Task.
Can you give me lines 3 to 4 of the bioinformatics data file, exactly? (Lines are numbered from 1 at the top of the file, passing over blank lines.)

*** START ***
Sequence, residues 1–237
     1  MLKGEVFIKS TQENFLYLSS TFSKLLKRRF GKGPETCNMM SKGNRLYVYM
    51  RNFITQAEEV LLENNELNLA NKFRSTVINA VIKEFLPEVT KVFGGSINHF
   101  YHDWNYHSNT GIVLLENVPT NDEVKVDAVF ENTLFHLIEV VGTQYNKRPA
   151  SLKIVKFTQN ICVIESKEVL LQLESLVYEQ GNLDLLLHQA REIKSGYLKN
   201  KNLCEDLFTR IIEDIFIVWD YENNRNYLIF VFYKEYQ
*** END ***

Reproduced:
    51  RNFITQAEEV LLENNELNLA NKFRSTVINA VIKEFLPEVT KVFGGSINHF
   101  YHDWNYHSNT GIVLLENVPT NDEVKVDAVF ENTLFHLIEV VGTQYNKRPA